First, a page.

For most of us, being healthy simply means that we are not sick. We need to know though, that health and wellness go much beyond just being free from sickness. The problem is that most of us don’t recognize this. Health is a state of Body and Wellness is the State of being.
The WHO defines health as ‘a state of complete physical, social, and mental well-being, and not merely the absence of disease and infirmity.’ Well-being here refers to a positive state in which the ultimate goal is to achieve good health. As you can see, the two concepts are closely intertwined. The soul of Health and wellness is Quality of life. There is no model for good Quality of life. It speaks to us in different languages. Adopting wellness habits according to individual needs is what improves the quality of life.
Here’s a simple activity for you: On a sheet of paper, draw five concentric circles, labeled 1, 2, 3, 4 and 5. On the outermost circle, identify six points equidistant from each other. Label them emotional, physical, spiritual, occupational, social and intellectual. Now according to how you rate your functioning on each of these dimensions, put a corresponding mark on the any of the five circles ranging from 1 to 5. Now, connect the dots. This diagram represents the state of your wellness. Someone with an optimal state of wellness will have a diagram that is closest to a circle, but that’s a rather utopian idea. What you can do is to improve your wellness by looking at each of these sub-dimensions.
Psychologists have proposed many theories on health and wellness. One of the theories is the Holistic Wellness theory by Dr. Bill Hettler, co-founder of the National Wellness Institute which states that wellness is spread across six dimensions, namely: social, emotional, physical, spiritual, intellectual and occupational. The above-mentioned activity that you did was based on this model. Understanding this model helps a person to know how each of these dimensions interacts to create their state of wellness and health. This is closely related to the biopsychosocial model of health, as it examines the interaction between the mind and the body.
A very surprising research conducted by Kelli Harding, known as the ‘Rabbit Effect’ showed that kindness played a very important role in wellness. The experiment involved some cute bunnies who were fed the same unhealthy, high-fat diet to see how it would affect their heart. However, Harding would pick them up, pet them, give them love and affection, and that made all the difference. The rabbits remained relatively healthy despite their diet.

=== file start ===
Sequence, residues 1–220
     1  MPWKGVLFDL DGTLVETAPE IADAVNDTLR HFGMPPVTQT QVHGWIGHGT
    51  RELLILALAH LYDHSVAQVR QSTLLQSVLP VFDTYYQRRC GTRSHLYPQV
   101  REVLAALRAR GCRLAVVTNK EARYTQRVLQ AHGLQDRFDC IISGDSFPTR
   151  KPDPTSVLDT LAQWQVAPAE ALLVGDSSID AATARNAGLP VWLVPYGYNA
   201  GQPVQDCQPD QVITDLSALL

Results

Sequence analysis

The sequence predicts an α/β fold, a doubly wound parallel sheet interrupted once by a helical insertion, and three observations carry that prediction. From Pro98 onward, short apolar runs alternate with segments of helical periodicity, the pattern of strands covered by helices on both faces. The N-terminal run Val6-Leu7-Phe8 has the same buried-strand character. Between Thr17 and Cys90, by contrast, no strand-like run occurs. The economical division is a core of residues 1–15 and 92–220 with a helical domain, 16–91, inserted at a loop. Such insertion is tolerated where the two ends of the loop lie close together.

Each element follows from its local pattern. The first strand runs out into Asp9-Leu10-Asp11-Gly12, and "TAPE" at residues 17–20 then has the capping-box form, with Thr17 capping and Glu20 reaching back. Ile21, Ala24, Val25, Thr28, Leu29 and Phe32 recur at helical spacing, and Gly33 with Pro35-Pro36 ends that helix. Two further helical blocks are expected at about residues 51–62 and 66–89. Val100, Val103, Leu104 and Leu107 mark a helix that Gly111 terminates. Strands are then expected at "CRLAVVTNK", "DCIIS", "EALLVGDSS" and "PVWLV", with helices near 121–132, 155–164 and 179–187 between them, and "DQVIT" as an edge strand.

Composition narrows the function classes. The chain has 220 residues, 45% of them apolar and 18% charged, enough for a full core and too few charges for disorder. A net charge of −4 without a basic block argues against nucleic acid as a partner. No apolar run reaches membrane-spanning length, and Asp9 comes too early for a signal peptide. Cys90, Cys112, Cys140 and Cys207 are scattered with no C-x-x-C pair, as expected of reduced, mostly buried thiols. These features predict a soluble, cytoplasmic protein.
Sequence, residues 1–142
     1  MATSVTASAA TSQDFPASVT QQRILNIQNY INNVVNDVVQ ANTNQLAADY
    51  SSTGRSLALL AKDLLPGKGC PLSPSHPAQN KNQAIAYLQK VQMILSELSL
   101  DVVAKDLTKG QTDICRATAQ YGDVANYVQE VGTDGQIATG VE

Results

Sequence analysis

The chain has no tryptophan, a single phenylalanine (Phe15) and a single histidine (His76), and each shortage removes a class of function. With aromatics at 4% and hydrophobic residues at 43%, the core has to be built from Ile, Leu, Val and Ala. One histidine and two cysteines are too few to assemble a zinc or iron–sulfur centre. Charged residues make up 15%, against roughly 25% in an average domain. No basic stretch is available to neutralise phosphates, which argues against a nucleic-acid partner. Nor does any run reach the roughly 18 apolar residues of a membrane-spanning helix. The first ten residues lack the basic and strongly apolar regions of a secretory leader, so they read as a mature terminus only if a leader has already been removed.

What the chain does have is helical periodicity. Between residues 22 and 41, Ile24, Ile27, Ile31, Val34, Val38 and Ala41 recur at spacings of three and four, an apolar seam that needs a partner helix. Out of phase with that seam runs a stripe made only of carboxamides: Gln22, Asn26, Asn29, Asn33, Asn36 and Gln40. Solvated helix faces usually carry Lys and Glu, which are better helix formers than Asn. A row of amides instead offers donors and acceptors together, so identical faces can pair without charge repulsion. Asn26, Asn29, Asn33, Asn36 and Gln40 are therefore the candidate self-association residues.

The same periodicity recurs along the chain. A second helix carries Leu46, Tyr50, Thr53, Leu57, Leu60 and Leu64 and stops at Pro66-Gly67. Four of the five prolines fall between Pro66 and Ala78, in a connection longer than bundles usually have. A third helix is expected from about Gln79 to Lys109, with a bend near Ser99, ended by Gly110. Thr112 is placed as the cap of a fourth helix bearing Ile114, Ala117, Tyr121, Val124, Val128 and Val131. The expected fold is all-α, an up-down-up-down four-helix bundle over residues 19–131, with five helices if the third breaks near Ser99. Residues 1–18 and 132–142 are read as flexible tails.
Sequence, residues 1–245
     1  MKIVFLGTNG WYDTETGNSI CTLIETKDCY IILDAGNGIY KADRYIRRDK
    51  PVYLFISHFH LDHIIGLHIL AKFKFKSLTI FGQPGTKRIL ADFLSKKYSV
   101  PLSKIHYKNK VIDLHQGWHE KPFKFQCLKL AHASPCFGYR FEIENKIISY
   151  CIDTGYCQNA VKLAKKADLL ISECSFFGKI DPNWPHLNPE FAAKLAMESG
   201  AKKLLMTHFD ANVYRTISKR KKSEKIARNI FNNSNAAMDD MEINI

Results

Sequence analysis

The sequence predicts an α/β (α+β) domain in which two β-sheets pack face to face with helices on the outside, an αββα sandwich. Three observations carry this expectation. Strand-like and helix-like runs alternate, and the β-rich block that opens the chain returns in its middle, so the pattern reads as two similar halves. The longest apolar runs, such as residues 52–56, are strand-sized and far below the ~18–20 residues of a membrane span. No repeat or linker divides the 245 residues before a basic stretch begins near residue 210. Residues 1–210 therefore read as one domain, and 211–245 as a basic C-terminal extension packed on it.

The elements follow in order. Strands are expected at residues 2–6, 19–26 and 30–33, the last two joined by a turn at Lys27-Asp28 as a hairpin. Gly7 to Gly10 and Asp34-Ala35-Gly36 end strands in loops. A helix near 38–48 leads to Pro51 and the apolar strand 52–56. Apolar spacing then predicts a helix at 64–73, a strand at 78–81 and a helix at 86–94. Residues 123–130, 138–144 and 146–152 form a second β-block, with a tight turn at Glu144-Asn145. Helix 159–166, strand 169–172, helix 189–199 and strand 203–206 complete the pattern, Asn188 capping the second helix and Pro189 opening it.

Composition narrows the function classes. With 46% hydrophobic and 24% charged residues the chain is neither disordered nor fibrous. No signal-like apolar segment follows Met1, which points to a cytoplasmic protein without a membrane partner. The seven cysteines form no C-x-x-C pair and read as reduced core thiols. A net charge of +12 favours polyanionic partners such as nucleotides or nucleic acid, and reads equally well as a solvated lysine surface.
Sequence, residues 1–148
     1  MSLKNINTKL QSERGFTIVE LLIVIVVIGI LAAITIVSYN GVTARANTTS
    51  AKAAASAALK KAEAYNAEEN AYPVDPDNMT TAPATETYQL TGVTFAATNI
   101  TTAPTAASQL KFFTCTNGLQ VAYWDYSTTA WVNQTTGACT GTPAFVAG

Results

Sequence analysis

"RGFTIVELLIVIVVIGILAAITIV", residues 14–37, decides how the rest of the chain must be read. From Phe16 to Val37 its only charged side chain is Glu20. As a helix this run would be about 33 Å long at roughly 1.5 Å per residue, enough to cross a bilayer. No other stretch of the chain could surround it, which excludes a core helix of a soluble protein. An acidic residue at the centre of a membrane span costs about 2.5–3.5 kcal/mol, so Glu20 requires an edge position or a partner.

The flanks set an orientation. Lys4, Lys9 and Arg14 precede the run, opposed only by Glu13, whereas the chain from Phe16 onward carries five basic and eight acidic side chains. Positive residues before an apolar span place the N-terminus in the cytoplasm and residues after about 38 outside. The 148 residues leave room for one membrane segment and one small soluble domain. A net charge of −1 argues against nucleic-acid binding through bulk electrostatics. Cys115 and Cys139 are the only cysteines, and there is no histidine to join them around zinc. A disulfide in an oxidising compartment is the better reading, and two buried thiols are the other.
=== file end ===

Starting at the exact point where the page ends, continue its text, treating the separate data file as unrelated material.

This boils down to the social and emotional dimensions of wellbeing. Good relationships are characterized by kindness and support, and they may have a more significant impact on your health than exercise and diet. So that hug you give your friend may just help you both live a few more years.
Our parents were right when they said that playing outdoors is the best way to stay well. Besides the physical stimulation, the personal connection we build with nature is also essential. A number of researches emphasize the effects of interacting with nature. A 2019 study conducted by White et al. observed people who spent at least 120 minutes in nature every week versus a control group that did not. Those who spent time in nature showed a significant increase in their reports of wellbeing. Scientific evidence also shows that this practice improves neural functioning, balances heart activity, improves memory and reduces stress, among numerous other benefits. However, this is not a concept that emerged out of the blue. For years, the Japanese have cultivated a practice known as Shinrin-yoku, or forest bathing, giving evidence to the fact that this is an ancient practice. Maybe we should all just go back to living in caves?
Now, this might sound really cheesy, but all you really need is love. A 75-year longitudinal study conducted at Harvard from 1972 to 2004 collected data from male undergraduates at various intervals of their lives. The results of this study are three-pronged: First, the importance of significant social relationships on wellbeing; secondly, coping mechanisms have an effect on social support and overall wellbeing and thirdly, creative expression is a way to productively deal with challenges and achieve meaning and well-being.
Many more studies prove plenty of methods you can practice to improve your well-being, such as gratitude journaling, mindfulness and meditation, small acts of kindness, and practicing forgiveness, among other methods.
Well-being is a key part of feeling happy and functioning optimally. It’s easier than you think to develop healthy habits that can boost your overall health. Start small and try practicing a couple of strategies to maximize your psychological well-being.
Here’s to a good life!